What's Up With That? ~ Katy Byrne

Katy Byrne Katy Byrne, MFT is a Psychotherapist in Sonoma, editor and animal lover. Her private practice specializes in: life transitions, couples communication, eating issues, moving forward, conflict resolution and the kitchen sink.


Saving home

Posted on January 31, 2013 by Katy Byrne

I’ve been upside down with housing and reluctant to write about it, but friends insisted. So, here is my side of the story. It all started in 2010 when I phoned the bank. “I’ve paid my mortgage for 20 years but I ‘m going through job loss and a divorce. Can you help?” Chase answered, “The only way we can modify your loan is if you quit paying.” After repeated calls and verifying the same thing, I quit paying.

I spent the next two years chasing down Chase to get my home back. I was constantly rushing to the bank with documents, faxing information and filling out forms. This was my full time job while I looked for one. Meanwhile I got big black foreclosure letters on my door and voicemails relentlessly from the bank.

Of course many, many families have lost their homes. Are the banks getting away with it? What’s up with that? Is there one set of laws for them and another for the rest of us? Now they say the economy is gearing up again and investors are buying the empty houses.

Anyway, every week a new “rep” was in charge of my file. I didn’t know where all my bank statements and docs landed, on which desk in which office and with which clerk. The bank didn’t, either.

On a typical morning, leaning into my coffee, elbow to my desk, ear pressed to phone, I was told I had a “committed, portfolio manager.” Then the new person needed 60 pages faxed to her because the computer couldn’t transfer my former documents. One “loan mod” company disappeared taking my money. I let go of another.

One icicle-cold morning a neighbor stopped by when I was getting my mail. I found 18 letters from Chase in the box and handed them to him as his eyes bobbed out of his head. Another neighbor stuttered, “I see the house is being auctioned in the newspaper Saturday.” I asked, “When?” I felt like I was in a monster movie. Was this really happening?

Meanwhile I lost tenants who were renting the cottage. They had foreclosure letters taped to their door once too often, and fled.

At night, I panicked. If I lost the house where could I go? Could I live in my car? Where might I relocate? I looked at rentals but most wouldn’t take my dogs.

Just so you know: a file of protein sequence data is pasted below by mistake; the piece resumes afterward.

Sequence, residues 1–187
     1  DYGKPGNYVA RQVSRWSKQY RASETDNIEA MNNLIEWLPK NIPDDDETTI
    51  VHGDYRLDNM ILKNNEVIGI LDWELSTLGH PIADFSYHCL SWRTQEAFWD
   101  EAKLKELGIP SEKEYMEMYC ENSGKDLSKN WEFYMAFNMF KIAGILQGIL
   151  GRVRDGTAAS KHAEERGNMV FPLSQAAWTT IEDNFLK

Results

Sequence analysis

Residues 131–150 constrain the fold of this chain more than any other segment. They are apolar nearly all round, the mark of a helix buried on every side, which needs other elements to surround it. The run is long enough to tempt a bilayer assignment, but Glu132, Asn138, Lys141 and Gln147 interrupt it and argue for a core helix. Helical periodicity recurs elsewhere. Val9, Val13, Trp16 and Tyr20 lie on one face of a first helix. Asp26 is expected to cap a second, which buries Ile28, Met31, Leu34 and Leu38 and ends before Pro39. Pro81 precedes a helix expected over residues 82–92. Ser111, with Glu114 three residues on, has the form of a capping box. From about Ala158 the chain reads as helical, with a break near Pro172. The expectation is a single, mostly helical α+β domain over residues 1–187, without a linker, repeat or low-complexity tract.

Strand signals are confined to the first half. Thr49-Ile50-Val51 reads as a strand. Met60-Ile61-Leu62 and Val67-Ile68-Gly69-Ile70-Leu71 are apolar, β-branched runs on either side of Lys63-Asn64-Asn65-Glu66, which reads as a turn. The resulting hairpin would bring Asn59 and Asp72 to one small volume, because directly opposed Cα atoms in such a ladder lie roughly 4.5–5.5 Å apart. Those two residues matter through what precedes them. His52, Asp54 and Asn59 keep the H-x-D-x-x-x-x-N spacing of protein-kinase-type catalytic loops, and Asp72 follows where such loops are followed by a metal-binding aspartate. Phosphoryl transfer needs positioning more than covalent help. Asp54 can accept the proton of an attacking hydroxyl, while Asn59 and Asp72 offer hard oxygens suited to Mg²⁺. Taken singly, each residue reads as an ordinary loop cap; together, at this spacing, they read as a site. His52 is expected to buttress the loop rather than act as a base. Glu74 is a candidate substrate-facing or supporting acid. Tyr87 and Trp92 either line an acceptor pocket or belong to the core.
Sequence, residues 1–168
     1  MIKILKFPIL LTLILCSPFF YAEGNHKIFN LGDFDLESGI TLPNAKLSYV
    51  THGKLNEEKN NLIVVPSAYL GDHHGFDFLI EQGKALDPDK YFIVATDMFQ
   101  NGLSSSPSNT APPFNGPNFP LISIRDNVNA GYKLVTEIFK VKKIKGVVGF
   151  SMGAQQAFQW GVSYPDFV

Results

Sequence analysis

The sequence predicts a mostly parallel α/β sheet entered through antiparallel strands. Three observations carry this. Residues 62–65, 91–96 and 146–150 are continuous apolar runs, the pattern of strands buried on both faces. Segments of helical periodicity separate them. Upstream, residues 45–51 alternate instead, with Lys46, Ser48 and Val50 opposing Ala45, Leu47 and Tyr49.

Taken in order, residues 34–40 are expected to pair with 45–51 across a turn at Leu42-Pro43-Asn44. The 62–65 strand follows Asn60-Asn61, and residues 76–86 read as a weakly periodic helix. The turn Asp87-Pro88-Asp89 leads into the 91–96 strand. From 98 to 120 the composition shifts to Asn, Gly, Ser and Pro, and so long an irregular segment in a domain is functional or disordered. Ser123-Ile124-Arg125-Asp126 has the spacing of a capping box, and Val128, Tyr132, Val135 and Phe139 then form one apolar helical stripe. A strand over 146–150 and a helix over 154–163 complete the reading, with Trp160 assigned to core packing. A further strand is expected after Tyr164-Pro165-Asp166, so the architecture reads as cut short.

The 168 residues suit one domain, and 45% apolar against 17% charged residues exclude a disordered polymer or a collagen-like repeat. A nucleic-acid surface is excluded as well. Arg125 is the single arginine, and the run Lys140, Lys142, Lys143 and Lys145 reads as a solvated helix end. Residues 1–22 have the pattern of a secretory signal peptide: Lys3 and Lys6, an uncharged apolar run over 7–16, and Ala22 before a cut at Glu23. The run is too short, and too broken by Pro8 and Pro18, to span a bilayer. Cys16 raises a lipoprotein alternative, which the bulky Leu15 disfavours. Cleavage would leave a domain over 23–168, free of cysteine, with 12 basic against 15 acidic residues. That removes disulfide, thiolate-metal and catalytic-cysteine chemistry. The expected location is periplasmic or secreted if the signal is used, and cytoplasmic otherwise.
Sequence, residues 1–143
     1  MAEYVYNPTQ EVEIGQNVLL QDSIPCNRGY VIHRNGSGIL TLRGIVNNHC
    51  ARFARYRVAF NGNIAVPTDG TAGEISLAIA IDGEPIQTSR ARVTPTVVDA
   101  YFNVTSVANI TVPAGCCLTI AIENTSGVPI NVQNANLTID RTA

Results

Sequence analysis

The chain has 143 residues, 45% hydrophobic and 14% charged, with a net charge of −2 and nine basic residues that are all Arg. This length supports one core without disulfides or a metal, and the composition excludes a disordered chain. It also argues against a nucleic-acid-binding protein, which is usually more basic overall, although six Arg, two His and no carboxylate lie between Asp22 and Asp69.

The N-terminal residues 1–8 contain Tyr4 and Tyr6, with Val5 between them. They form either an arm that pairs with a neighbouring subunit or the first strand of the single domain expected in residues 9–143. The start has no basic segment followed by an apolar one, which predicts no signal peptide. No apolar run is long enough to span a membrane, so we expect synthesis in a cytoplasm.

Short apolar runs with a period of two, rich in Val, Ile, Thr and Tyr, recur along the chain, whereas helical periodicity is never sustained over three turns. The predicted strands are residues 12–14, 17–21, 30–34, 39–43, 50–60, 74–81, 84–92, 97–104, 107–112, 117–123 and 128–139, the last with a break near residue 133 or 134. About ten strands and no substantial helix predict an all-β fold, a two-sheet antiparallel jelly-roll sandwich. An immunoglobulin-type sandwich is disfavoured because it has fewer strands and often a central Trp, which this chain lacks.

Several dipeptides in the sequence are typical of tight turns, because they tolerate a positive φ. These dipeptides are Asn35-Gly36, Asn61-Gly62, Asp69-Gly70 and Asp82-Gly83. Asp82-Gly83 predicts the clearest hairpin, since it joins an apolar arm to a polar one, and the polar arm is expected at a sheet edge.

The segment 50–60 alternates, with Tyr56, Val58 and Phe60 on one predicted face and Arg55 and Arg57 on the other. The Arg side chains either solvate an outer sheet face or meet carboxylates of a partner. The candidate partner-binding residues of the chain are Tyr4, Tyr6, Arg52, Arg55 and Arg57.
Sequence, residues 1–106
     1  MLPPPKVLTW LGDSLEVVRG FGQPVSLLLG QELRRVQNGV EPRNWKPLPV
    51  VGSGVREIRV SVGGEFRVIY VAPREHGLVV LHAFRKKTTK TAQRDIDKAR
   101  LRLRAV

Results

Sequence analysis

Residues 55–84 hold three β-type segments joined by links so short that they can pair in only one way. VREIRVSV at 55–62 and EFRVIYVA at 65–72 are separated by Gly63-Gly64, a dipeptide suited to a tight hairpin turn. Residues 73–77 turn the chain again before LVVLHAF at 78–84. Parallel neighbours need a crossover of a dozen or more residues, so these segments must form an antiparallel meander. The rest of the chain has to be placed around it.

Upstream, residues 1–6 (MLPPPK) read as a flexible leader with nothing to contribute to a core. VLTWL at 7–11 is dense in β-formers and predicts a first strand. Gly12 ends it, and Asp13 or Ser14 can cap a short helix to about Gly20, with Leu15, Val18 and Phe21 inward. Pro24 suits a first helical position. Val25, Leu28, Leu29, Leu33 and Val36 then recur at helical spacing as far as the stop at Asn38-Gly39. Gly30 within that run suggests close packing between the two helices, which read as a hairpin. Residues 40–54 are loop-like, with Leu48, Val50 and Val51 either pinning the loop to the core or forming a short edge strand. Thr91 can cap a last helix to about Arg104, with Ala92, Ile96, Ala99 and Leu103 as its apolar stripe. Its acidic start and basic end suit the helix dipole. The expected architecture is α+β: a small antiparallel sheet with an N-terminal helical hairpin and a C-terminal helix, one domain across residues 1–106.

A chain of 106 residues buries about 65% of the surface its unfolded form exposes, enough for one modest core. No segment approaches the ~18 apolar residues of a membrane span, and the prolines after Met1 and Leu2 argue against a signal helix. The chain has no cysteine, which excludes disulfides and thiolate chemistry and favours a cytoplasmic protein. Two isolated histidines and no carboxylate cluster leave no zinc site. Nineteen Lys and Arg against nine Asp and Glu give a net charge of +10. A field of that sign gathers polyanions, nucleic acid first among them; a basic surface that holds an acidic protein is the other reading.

The hardest memory was on Christmas Eve. I pleaded with Chase, “Christmas day is my birthday. Are we complete for now?” They stated, “You’re fine. Just relax for the holidays.” Sure enough, on Christmas Eve there were notices nailed to the door. My stomach hurt that holiday.

Lots of people I talked to in similar situations were too ashamed to tell their stories. In a group I joined, we whispered about our pain and learned we weren’t alone. I talked to my tax accountant, called my friends and prayed. The Occupy people offered support, friends said if the police came they would go to jail with me and talk to reporters. I just couldn’t believe this

was all happening. Police? How could my life be about these kinds of conversations?

Often my feet felt stuck in cement. I realized I was a part of unexpected history.  I hoped in my head that someday bankers would face suits and lawyers would talk about how many millions of people believed them and lost their homes. Now the news says “too big to punish “as stated in the Press Democrat (Dec. 22, 2012) editorial: “It may take more prosecutions to get their attention.”

Well, I got my house back but I’m one of the lucky ones. How did I get the loan modification? I don’t know. I just know I worked my butt off.

I know one man at the bank did finally advocate for me. I told the bank clerks how much I needed my home, how impossible it was to find rentals, how many years I paid on time and how much I believed their promises. I tried everything, including transparency. They made some mistakes that I caught. But most of all, the Sonoma community gave me strength.

We need to tell our stories. Maybe shame or exhaustion is why we, the people, aren’t fighting the banks harder. Being beaten up for too long isn’t invigorating; it leaves one with a dull thud of depression. I guess the banks are sliding out of all this now. Are we done speaking up?

Katy Byrne, MFT, Psychotherapist in Sonoma, writes “Hairballs” (Learned from her cat).